The carefully followed death toll from COVID-19 may not fully capture the loss of life during the pandemic. Analysis of state and federal statistics for deaths from all causes shows hundreds of additional deaths above normal levels this spring in the Pacific Northwest. Some or many of those may actually be missed COVID deaths. Continue Reading Official COVID-19 Fatalities May Undercount Pandemic’s Death Toll By Hundreds In Northwest
Adm. Brett Giroir, who leads the federal testing response, tells NPR that the U.S. is on track to test enough to contain the pandemic, saying newer, point-of-care tests are part of the solution. Continue Reading Despite Shortfalls And Delays, U.S. Testing Czar Says Efforts Are Mostly ‘Sufficient’
A federal judge announced on Tuesday that ICE has reached an agreement with schools that sued it over the rule change. The directive will now be rescinded nationwide. Continue Reading ICE Agrees To Rescind Policy Barring Foreign Students From Online Study In the U.S.
Misinformation and conspiracy theories abound, from tales that people who talk to contact tracers will be sent to nonexistent “FEMA camps” — a rumor so prevalent that health officials in Washington state had to put out a statement in May debunking it — to elaborate theories that the efforts are somehow part of a plot by global elites. Continue Reading Conspiracy Theories Aside, Here’s What Contact Tracers Really Do To Help End The Pandemic
Cover crops are a vegetation that farmers can plant in the off-season to protect and enrich the soil. It’s great for the environment — and in the long run, for crops, too — but it costs money upfront. Farmers who rent land, and who may not have access to that land in the long run, are reluctant to spend that money. Continue Reading How Absentee Landowners Keep Farmers From Protecting Water And Soil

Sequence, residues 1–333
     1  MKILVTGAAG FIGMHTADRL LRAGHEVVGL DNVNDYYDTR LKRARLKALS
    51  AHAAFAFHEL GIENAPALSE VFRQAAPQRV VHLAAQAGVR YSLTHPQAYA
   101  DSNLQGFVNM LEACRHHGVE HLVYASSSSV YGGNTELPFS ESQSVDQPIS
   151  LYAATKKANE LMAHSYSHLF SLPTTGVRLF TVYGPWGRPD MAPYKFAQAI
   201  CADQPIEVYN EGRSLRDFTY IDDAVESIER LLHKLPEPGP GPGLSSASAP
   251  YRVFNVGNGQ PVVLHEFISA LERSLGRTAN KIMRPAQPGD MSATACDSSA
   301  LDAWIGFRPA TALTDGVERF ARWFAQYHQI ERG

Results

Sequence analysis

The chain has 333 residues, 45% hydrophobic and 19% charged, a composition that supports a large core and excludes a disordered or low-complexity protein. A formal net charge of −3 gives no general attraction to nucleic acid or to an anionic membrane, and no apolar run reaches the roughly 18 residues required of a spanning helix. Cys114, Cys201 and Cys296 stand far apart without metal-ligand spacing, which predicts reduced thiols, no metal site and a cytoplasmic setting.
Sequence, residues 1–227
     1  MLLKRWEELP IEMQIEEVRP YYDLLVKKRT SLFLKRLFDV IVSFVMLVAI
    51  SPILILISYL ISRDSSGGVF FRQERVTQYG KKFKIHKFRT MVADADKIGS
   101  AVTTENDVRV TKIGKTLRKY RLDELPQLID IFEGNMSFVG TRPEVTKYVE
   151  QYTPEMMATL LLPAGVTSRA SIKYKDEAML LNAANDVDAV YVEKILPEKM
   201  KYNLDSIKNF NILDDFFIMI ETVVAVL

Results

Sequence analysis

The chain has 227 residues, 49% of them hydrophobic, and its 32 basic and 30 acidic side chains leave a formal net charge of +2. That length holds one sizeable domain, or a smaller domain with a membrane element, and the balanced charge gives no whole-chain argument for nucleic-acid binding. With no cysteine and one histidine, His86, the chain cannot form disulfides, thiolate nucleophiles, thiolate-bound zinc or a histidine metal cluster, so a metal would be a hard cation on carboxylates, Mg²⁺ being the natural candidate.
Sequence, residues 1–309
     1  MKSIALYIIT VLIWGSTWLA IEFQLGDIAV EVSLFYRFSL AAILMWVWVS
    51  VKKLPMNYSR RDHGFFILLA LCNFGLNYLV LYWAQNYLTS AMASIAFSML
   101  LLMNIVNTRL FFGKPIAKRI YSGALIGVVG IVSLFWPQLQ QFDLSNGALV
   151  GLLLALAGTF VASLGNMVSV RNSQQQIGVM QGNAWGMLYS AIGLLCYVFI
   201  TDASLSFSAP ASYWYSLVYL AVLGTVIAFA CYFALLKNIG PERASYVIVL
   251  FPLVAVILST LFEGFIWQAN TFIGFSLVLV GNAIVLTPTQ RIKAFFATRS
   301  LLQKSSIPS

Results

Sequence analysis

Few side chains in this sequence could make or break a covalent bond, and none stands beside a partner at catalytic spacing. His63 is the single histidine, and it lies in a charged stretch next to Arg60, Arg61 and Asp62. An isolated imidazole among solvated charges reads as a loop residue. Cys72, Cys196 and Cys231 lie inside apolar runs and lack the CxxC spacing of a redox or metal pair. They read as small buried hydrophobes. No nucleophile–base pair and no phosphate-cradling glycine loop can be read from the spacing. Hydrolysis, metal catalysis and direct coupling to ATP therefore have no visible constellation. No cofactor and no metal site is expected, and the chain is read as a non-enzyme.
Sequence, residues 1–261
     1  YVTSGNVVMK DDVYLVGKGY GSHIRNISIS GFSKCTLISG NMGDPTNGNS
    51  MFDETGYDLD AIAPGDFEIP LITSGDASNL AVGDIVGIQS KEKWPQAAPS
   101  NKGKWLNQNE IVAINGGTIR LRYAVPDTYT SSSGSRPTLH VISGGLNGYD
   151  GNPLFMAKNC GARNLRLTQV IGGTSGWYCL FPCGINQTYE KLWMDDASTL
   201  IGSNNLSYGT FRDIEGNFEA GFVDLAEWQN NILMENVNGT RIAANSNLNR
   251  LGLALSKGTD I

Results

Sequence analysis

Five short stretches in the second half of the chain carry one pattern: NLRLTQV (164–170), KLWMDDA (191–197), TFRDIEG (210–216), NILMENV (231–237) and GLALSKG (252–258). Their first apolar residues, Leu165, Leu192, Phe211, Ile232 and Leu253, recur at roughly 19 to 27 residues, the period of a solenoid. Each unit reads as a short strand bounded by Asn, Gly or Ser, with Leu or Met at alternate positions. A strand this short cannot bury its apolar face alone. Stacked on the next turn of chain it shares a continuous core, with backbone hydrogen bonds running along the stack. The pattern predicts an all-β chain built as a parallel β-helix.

Daniel Lee, 47, was put to death on Tuesday morning in the federal death chamber in the first federal execution since 2003. Other inmates are scheduled for death this week. Continue Reading Federal Government Executes 1st Prisoner In 17 Years After Overnight Court Rulings
Seven months since cases of the coronavirus were first reported, some countries have effectively combatted the virus and brought the spread under control. The United States is not one of them. But experts say it’s not too late. Continue Reading 3 Things The U.S. Can Do Right Now To Slow Coronavirus Spread
The Washington Redskins have announced the team will be dropping its moniker, which is widely considered a slur against Native Americans. The head coach and team owner are developing a new name. Continue Reading After Mounting Pressure, Washington’s NFL Franchise Drops Its Team Name
Regina Boone has been documenting the protests against Confederate statues for the Richmond Free Press. As the daughter of the paper’s Black founders, she says, “This is not a new story for us.” Continue Reading Richmond, Va., Photographer Watches Familiar Anger Resurface In Recent Protests
In the wake of George Floyd’s killing, Confederate monuments have fallen, food companies have scrubbed racist imagery from labels, and now, pro sports teams names are under fresh review. Continue Reading The Racial Justice Reckoning Over Sports Team Names Is Spreading
For background, aerosols are tiny microdroplets containing the virus that can be expelled when we talk or breathe and can stay aloft and travel on air currents. It’s still unclear how much of a role they play in spreading the virus, but recently more than 200 scientists wrote an open letter asking the World Health Organization to pay more attention to them. Continue Reading Coronavirus FAQ: How Do I Protect Myself If The Coronavirus Can Linger In The Air?
In a new statement made jointly with teachers unions, the American Academy of Pediatrics now says “science and community circumstances must guide decision-making.” Continue Reading Nation’s Pediatricians Walk Back Support For In-Person School